Answer: Incorporating sound into a Web site no longer requires the user to download an audio file and then launch a media player to listen to it. With the evolution of Flash and other rich media, audio can be streamed in real time from any Web site or even a banner ad.
Should you choose to include sound in your Web site, here are a few tips to remember:
Consider your audience. Particularly in large companies, networked computers often lack speakers. If sound is essential to the presentation of your Web site, your message may fall on deaf ears.
Avoid repetitiveness. Returning users don't want to hear the same thing over and over again when they visit your Web site. Keep the user's experience fresh and interesting by providing different sounds over time.
Ask for permission. Offer a button so users can toggle the sound on and off, and always begin with off. This way, users can control their Web experience. Surprises, particularly in the form of loud, obtrusive noises, are not always welcome, and there are times when music or audio may bring undue attention from over the cubicle wall.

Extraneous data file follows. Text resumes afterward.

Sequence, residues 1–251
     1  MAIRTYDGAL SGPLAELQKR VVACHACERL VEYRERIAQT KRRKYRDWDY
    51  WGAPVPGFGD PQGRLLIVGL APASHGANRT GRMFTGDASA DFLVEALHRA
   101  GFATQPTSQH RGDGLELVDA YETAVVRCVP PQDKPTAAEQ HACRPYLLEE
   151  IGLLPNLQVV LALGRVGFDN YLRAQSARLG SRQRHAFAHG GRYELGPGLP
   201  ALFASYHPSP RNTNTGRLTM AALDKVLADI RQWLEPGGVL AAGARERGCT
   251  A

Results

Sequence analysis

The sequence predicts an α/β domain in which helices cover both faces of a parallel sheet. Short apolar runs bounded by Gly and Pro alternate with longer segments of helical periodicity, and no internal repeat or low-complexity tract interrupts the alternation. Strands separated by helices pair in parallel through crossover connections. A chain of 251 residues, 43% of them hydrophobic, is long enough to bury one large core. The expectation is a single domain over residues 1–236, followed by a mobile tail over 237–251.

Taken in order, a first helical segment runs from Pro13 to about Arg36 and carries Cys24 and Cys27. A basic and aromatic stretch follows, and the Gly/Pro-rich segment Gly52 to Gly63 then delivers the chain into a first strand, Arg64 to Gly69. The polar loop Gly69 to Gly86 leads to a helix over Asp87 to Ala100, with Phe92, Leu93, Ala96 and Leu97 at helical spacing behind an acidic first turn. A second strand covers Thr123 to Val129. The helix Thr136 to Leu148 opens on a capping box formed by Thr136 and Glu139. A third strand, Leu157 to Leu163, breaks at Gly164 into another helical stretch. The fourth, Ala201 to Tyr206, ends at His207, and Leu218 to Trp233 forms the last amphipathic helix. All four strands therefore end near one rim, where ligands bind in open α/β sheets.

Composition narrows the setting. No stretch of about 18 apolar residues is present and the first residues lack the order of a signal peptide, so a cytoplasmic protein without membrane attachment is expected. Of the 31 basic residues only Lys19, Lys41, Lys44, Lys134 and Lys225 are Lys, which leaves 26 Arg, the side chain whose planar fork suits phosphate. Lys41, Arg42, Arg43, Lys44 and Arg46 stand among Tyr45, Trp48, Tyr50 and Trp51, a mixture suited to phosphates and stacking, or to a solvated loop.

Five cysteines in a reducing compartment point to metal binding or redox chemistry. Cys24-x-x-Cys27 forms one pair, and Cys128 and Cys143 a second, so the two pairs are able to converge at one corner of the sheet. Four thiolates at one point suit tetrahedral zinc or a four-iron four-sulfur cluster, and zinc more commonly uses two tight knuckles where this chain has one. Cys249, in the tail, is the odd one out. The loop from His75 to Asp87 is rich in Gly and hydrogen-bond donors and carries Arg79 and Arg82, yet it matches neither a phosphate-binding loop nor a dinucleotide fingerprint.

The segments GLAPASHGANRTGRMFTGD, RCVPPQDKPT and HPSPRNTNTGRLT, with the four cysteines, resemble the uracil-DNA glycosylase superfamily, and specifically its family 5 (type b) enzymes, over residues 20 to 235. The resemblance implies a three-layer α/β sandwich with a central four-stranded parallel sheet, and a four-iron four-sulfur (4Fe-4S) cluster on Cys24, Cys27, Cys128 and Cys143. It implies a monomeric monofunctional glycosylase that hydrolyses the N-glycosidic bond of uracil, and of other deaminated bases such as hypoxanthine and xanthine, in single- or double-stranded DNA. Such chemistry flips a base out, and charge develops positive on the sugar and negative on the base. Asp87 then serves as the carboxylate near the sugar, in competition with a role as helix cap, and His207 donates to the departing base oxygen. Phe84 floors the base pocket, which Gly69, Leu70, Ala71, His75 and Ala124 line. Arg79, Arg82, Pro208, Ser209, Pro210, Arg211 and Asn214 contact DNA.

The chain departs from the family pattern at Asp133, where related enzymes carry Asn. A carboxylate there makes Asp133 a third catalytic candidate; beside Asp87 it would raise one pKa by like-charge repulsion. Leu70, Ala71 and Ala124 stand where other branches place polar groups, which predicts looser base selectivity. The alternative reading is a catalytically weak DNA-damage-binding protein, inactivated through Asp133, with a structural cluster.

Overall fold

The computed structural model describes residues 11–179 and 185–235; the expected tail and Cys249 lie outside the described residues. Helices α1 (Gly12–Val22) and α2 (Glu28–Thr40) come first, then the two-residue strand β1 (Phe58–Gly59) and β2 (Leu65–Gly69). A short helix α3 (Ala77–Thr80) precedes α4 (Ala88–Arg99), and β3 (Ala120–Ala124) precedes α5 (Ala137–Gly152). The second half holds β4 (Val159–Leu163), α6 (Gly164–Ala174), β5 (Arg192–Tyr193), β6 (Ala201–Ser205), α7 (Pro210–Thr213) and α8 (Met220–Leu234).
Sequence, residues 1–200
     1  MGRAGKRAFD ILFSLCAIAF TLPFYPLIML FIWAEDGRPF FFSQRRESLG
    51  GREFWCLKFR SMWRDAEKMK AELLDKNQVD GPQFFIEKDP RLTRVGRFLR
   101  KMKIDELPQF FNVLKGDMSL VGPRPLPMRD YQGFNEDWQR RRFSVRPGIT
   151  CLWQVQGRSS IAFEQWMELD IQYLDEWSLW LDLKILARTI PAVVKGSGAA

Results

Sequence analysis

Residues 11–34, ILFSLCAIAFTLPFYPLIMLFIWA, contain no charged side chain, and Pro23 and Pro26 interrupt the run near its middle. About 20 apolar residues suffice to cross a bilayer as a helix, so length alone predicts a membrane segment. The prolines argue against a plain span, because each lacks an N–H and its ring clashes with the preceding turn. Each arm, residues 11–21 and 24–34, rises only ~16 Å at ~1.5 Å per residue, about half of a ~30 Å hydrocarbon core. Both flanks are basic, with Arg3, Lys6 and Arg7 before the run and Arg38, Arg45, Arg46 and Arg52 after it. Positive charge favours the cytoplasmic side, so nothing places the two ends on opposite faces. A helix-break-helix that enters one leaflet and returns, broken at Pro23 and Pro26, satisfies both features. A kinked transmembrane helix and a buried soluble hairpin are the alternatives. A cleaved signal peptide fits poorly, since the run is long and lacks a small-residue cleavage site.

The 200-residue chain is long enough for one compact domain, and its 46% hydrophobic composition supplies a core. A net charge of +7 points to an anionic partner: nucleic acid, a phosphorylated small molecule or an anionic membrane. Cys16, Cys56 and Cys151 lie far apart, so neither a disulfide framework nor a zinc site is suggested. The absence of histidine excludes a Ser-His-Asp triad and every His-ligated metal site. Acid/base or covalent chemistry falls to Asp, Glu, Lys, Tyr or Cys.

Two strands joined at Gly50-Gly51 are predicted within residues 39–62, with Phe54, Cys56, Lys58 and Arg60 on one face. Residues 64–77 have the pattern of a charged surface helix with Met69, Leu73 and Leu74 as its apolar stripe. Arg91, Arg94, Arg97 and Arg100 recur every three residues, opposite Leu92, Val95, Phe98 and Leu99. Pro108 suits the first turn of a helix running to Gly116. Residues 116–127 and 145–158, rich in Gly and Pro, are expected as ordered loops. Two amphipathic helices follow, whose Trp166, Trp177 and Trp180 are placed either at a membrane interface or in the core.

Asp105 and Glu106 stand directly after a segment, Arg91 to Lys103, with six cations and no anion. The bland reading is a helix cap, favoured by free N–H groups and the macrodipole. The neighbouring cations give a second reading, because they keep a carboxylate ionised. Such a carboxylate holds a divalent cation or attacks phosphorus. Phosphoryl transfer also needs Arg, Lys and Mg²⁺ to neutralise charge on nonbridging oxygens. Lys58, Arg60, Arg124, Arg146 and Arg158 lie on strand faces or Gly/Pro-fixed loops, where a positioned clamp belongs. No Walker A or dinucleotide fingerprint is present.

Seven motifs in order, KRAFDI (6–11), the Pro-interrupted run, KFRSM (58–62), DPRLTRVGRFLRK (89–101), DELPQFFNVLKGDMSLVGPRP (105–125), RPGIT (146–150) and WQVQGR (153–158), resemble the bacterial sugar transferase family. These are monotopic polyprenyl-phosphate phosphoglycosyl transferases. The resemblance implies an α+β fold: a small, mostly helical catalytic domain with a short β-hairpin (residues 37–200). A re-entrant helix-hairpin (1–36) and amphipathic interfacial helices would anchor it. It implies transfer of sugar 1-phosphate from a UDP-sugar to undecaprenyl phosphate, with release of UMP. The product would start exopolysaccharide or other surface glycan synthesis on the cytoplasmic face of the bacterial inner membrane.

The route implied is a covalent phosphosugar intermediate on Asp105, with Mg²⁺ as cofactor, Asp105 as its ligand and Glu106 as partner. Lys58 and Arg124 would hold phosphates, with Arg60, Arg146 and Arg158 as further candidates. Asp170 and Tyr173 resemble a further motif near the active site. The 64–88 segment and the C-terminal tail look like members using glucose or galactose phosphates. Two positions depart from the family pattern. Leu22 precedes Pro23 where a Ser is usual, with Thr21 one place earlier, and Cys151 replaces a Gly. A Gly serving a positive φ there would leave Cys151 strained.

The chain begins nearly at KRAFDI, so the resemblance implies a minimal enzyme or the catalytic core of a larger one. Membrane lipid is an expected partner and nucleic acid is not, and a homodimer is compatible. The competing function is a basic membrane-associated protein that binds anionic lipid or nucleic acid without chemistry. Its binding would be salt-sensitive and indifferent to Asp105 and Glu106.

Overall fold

Rich media technology is allowing Web sites to offer more dynamic user experiences with both streaming audio and video, but-as with any technology-it's critical to use the technology effectively for a purpose, not just so you can say you have it.
To see an example of good technology gone bad, just visit myspace.com, the wildly popular community of adolescent Webmasters. Many of the personal home pages feature music or other audio that blares automatically once the profiles are opened. Furthermore, the sounds tend to play on repeat, which only serves to annoy the user-that is, assuming they can still hear.
Bill Rice is president of the Web Marketing Association, sponsor of the WebAward competition for Web site development. Visit www.2006webaward.org for more information.